Behavioural couple therapy (BCT)/ Behavioural marital therapy (BMT; including couple cognitive behavioural therapy [CBT]) The most well-researched approaches used to treat distressed couple relationships (Bambling, 2007), BCT and BMT work on increasing positive behaviours and decreasing negative behaviours to improve relationship satisfaction (Halford & Snyder, 2012; Baucom, Sevier, Eldridge, Doss, & Christensen, 2011). These approaches include several treatment components: communication training, problem-solving training, contingency contracting, behaviour exchange, desensitisation, cognitive restructuring and emotional expressiveness training (Snyder, Castellani, & Whisman, 2006; Shadish & Baldwin, 2005). Cognitive behavioural therapy (CBT) techniques, often added to BCT, assume that how couples interpret their partner’s behaviour is as important as the actual behaviour in influencing distress or satisfaction (Bambling, 2007). CBT helps couples identify problematic thoughts, feelings and reactions, and to identify unrealistic expectations (Bambling, 2007).
Emotion focused couple therapy (EFCT) Influenced by attachment theory, EFCT works on the assumption that relationship distress disrupts attachment to create strong problematic reactions in the couple due to their fears of abandonment (Bambling, 2007). Relationship behaviours that are problematic are considered to be secondary responses to this abandonment fear (Bambling, 2007). This therapy works to reduce hostile emotions and angry behaviours, and increase the expression of emotional vulnerability and attachment needs (Halford & Snyder, 2012; Bambling, 2007).
Integrative behavioural couple therapy b (IBCT) Recent research has begun to explore IBCT, which combines traditional BCT techniques with strategies focusing on fostering emotional acceptance amongst couples (Snyder et al., 2006). Therapists using this therapy explore partners’ emotional reactions to one another’s messages, with the assumption that this will help develop more effective and sensitive communication for couples (Baucom et al., 2011).
Insight oriented couple therapy b (IOCT; also known as Affective-Reconstructive Couple Therapy c) IOCT interprets maladaptive relationship patterns from a developmental perspective, working to develop better ways for partners to interact through helping them to understand and change any enduring dysfunctional patterns (Snyder, 2009). This therapy considers unmet needs and unresolved anxieties, stemming from prior relationships, as linked to patterns of emotional and behavioural responses in their current relationship (Snyder, 2009).
Integrated systemic couple therapy b (ISCT) Attempting to disrupt any negative repetitive, self-perpetuating, cycles of interaction in the couple’s relationship, ISCT works by changing the meaning the couple attributes to these interactions (Snyder et al., 2006). The process followed by therapists to achieve this includes: restructuring interactions, reframing problems through the use of positive connotations, prescribing the symptom, urging the couple to go slow, and then prescribing a reenactment of the negative interactions (Snyder, 2009).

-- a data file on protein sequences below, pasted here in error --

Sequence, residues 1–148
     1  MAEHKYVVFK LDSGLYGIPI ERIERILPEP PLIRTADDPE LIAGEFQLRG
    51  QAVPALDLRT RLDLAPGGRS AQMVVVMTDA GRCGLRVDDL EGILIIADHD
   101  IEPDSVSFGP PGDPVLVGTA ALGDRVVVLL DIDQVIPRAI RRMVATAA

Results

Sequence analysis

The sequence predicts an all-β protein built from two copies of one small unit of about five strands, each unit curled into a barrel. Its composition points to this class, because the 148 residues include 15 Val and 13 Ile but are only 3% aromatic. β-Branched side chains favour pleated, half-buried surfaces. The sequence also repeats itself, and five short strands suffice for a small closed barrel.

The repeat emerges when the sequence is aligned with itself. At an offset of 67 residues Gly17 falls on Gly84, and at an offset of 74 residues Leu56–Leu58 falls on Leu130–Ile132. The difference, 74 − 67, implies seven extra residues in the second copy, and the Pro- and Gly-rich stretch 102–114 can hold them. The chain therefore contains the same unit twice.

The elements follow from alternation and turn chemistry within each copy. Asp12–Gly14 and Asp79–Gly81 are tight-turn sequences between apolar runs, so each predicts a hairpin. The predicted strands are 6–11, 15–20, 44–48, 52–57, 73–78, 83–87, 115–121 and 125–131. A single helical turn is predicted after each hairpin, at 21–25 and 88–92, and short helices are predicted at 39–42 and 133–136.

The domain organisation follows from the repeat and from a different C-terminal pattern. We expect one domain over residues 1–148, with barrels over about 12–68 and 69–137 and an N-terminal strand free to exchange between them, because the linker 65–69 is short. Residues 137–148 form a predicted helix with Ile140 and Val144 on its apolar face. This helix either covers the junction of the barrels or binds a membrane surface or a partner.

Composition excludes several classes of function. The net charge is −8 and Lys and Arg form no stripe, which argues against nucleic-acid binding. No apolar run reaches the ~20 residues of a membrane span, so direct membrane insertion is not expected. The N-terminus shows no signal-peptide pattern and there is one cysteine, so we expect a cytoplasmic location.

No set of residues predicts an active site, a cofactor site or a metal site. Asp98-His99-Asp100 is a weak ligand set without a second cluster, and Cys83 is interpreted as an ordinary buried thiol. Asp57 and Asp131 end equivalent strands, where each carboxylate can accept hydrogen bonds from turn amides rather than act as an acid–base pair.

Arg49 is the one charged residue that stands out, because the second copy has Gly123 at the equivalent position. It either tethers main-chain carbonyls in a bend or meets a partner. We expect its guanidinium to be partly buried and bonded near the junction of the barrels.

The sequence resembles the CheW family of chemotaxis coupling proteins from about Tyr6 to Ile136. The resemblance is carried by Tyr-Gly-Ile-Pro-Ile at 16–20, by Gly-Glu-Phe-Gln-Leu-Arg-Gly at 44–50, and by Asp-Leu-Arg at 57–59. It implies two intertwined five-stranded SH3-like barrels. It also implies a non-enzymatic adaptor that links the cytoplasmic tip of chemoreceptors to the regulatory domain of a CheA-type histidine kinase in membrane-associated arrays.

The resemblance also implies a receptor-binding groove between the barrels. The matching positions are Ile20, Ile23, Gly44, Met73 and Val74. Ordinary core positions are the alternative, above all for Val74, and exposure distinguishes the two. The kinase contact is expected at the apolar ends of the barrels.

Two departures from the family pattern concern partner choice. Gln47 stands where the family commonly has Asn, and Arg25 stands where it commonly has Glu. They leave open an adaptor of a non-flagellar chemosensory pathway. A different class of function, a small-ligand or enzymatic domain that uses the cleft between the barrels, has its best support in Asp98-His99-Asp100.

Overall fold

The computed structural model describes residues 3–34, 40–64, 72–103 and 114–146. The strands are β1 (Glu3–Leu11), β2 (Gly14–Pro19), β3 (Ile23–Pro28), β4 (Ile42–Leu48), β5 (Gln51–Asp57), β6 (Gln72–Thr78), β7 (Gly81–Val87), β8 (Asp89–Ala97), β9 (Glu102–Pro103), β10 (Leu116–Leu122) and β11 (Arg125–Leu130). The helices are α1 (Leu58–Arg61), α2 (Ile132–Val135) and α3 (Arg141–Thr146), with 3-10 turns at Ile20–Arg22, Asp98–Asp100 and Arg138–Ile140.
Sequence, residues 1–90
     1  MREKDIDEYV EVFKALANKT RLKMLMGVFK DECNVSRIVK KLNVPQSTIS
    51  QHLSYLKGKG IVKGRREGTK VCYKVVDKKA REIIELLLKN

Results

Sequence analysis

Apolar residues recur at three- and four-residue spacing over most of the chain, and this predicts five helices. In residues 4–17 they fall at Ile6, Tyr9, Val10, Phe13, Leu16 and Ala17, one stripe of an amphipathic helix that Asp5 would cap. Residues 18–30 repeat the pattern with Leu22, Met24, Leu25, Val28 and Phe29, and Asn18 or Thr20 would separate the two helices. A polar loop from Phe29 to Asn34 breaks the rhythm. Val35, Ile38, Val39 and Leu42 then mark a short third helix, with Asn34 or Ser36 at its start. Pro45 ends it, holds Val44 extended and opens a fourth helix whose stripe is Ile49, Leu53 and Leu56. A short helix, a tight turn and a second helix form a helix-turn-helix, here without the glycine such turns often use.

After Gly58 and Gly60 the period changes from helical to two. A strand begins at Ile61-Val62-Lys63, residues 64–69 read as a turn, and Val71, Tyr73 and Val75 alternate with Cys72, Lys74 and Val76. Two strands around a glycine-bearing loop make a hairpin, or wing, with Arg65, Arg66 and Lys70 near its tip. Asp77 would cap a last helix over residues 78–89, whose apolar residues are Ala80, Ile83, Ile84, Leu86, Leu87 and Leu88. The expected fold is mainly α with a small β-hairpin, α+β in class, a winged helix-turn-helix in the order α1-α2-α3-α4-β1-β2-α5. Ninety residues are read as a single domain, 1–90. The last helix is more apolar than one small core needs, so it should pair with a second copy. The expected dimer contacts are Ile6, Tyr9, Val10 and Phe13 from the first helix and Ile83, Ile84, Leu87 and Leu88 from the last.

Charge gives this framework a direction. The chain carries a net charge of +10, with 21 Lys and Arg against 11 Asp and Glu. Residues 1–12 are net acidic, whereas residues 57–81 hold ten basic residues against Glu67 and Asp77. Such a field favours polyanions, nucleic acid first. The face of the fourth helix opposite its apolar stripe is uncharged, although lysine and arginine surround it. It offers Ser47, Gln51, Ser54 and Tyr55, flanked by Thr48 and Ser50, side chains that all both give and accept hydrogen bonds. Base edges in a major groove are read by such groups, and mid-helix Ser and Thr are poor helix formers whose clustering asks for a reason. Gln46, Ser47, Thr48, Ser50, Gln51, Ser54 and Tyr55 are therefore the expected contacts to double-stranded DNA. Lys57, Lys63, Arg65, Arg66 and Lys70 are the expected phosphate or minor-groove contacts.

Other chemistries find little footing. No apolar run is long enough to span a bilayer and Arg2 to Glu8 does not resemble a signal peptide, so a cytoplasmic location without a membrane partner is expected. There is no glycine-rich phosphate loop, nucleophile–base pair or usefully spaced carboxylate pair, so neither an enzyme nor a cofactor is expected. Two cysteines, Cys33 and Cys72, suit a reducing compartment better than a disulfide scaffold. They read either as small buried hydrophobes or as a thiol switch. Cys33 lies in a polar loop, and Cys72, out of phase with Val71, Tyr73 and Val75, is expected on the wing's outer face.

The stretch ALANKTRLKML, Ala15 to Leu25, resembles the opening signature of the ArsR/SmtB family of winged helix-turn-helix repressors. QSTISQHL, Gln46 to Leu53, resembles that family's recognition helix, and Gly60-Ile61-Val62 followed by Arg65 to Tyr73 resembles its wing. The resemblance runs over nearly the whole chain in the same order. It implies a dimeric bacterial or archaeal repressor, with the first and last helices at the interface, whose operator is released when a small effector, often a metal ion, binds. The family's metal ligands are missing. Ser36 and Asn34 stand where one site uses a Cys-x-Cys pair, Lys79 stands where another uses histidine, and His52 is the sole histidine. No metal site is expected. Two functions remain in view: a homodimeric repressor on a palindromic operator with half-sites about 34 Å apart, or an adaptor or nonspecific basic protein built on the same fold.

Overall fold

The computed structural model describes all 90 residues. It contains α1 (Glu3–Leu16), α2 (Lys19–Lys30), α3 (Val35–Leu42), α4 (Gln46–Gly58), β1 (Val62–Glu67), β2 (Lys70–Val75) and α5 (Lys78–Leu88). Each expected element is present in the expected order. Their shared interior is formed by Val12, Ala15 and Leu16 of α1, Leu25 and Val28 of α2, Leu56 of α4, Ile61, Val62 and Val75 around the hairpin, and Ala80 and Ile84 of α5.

Key messages

  • Several approaches to relationship counselling have been found to be moderately effective in reducing relationship distress or increasing relationship satisfaction compared to no treatment, although there has been limited new research in the past decade.
  • Few differences in effectiveness have been found between different theoretical approaches to relationship counselling.
  • Initial levels of distress may be an important factor in the success or failure of counselling and it may be of value for practitioners to assess for this. Initial research suggests that moderately distressed couples should receive a full treatment model and that highly distressed couples may be less likely to experience positive outcomes from counselling.

Mechanisms of change in relationship counselling

Although there is evidence for its effectiveness, there is limited understanding of the mechanisms of change (i.e., how or why it works) in relationship counselling. There is debate regarding whether treatment effectiveness is related to the specific theoretical model used or variables common to all relationship counselling (Davis, Lebow & Sprenkle, 2012; Sprenkle, 2012). There is also discussion on whether integrated approaches that encompass elements from multiple models of relationship counselling could lead to increases in the effectiveness of treatment (Christensen et al., 2010; Snyder & Balderrama-Durbin, 2012). The debate is particularly relevant to those teaching relationship counselling. For example, should students be taught one particular theoretical model of therapy, several models of therapy or should there be more focus on common factors, such as therapeutic alliance, if these are actually responsible for a large proportion of the change seen in therapy? There is currently limited research available to conclusively support one or other of these theories and it may be that it is a combination of both; for example, as posited by Davis and colleagues (2012), well-evidenced theoretical approaches may provide the structure and organisation through which common factors operate. What is known is that:

  • several theoretical approaches to relationship counselling have been found to be moderately effective in improving a range of couple functioning outcomes;
  • at least one integrated approach has evidence of its efficacy although little evidence of greater effectiveness than other single theory approaches over the longterm (integrative behavioural couple therapy; Christensen et al., 2010); and
  • there is evidence to support the positive impact of certain common factors in therapy (e.g., Bambling, 2007; Halford et al., 2012; Lebow et al., 2012; Shimokawa, Lambert, & Smart, 2010; See Box 5 for further details of common factors).

Box 5: Common factors in relationship counselling